Karterikos: I think that sort of severe social ostracism is unlikely, and the reasons why are important. Culture doesn’t have the force of a legal prohibition. A legal prohibition is absolute, but culture only has the power that individuals are willing to give it. As you say, humans are social animals. We all rely on our interactions with other people, and if we ostracize a person, we give up the benefit of having that person as a friend or business partner. An intolerant culture is costly!

Philanthropos: You underestimate the viciousness of an intolerant culture. It has power because it ostracizes those who refuse to participate in the intolerance. The benefits of making friends with a pariah won’t often be worth giving up the friendship of the rest of society. An intolerant culture is like a self-sustaining monopoly; nobody dares to reject it first.

Polynomos: What you say might be true in a small town or an isolated rural community. But culture is not so monolithic in most places I know. What makes you unattractive to one group makes you attractive to another, and so most societies lack the monopoly powers you claim.

This means that the cost of intolerance is important. If there is no cultural monopoly, but a person is still willing to give something up for their culture, I think that means the person finds value in their culture. To the intolerant person, intolerance is a valuable good.

I agree that libertarianism is about self-actualization, but Philanthropos gets it backwards! It would make no sense to complain that your neighbor’s use of his own money interfered with your own plans for that money. Culture is no different. The culture of your neighbor is part of your neighbor’s self-actualization, not part of yours.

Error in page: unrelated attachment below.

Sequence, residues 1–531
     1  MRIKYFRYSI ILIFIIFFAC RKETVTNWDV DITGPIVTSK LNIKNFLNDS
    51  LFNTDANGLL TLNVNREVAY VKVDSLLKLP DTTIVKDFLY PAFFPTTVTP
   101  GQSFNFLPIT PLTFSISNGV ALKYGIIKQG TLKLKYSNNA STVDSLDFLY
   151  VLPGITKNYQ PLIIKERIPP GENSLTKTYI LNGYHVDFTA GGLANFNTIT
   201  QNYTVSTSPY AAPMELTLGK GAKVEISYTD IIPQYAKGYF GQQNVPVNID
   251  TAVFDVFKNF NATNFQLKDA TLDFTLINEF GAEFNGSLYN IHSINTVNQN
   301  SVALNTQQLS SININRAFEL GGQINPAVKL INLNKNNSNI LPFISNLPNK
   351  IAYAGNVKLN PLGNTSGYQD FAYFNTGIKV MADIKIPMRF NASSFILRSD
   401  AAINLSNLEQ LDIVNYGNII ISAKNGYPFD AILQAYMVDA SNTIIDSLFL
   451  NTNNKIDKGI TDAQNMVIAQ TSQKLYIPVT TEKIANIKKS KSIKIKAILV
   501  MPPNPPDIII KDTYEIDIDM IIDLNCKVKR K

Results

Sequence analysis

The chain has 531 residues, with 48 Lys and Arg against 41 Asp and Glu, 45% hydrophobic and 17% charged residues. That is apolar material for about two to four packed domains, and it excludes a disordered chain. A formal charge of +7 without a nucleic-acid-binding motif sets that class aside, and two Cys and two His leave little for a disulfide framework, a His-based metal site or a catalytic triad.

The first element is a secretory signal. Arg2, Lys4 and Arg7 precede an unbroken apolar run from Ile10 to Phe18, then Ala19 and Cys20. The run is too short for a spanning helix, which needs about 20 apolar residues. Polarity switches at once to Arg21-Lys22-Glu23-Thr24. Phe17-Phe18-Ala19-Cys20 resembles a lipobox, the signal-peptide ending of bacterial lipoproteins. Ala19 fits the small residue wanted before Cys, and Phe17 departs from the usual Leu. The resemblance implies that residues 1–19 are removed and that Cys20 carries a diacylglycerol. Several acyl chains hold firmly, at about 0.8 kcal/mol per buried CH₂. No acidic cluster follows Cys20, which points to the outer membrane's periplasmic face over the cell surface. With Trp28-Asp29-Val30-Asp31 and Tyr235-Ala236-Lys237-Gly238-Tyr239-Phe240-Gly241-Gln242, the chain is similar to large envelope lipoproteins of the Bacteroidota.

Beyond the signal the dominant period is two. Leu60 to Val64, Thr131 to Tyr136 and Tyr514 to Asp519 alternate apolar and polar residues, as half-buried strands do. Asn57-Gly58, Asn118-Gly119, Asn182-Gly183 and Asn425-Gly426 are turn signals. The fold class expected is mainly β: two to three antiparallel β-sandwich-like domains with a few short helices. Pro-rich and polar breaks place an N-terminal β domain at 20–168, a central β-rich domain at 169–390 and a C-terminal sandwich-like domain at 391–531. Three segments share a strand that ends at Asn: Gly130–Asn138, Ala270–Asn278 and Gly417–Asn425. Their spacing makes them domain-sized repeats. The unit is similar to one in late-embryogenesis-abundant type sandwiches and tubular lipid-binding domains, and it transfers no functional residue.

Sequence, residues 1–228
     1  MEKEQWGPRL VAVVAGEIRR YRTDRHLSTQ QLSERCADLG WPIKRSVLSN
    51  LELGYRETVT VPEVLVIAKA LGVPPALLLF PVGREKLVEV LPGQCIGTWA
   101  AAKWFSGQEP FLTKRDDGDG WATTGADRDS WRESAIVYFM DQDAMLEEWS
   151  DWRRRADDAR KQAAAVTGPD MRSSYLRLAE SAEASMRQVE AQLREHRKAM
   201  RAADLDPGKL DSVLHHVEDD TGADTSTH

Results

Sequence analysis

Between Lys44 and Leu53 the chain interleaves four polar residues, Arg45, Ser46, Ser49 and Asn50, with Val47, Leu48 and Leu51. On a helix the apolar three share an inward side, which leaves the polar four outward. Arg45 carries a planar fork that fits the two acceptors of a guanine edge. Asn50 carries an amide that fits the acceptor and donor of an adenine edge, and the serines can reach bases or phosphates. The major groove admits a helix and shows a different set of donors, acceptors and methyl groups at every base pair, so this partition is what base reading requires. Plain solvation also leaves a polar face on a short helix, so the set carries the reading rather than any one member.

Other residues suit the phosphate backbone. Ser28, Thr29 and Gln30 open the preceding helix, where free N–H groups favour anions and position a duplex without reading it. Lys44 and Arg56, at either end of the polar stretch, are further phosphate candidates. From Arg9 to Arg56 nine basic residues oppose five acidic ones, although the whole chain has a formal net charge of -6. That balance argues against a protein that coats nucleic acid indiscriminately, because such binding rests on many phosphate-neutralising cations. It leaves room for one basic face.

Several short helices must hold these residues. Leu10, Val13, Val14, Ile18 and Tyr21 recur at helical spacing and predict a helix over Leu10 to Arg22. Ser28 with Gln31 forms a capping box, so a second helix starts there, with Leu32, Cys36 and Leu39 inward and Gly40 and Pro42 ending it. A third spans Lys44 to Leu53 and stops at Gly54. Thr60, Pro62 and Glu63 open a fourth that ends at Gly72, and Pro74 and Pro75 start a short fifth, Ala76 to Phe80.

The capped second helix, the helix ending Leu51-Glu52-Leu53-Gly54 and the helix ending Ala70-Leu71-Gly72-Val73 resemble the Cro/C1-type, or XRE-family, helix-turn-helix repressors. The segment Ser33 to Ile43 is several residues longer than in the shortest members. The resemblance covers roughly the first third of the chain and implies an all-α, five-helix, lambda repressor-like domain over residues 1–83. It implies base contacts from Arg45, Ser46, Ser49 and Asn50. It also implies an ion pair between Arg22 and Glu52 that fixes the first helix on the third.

If libertarians believe in self-actualization, we ought to embrace every culture to the extent that it is not physically coercive. In other words, the proper culture of libertarianism is pan-culturalism.

Karterikos: I’m not sure that follows; I think it may be self-contradictory. You say that the culture of libertarianism embraces all cultures, but that’s just impossible. Pan-culturalism is just one culture, and if we embrace it we can’t embrace other cultures. For example, we can’t embrace mono-culturalism, or simple intolerance.

Libertarianism isn’t about cultural tolerance, or cultural meta-tolerance, or anything like that. Libertarianism is about non-coercion. Take your analogy to your neighbor’s money. A libertarian may believe that you don’t have a right to spend your neighbor’s money, but that doesn’t mean you don’t have a right to complain about how he spends his! So long as there is no illegitimate force, libertarianism is silent, so libertarianism should be silent on culture.

Polynomos: There is no contradiction. We should believe naturally, as libertarians, that as humans we can legitimately find value in any sort of culture. The opinions that you or I have about how we want to live or about what way of life is best, are opinions that we legitimately have as individuals.  But in our capacities as libertarians, we should understand the personal importance of all cultures.

Think about it this way. Merely believing that all violence is good does not violate libertarianism – only actual violence does. But a libertarian should not believe that violence is good, in his capacity as a libertarian.

Xenophobos: This is nonsense. You are telling me that as a libertarian I should accept other peoples’ cultures, but as an individual that’s just another thing I don’t want to do! I think most other people’s cultures are crap, and I haven’t forgotten the definition of libertarianism by thinking that.

Philanthropos: How can a person like you exist? If you have so little respect for human beings who are different to you, why do you value their political freedom? Can’t you see how ridiculous you are? You’re an embarrassment to yourself and to us as well.

Xenophobos: You preach tolerance, but have little for me.

Menos: It’s getting late. Perhaps we can continue our conversation another time.

Finis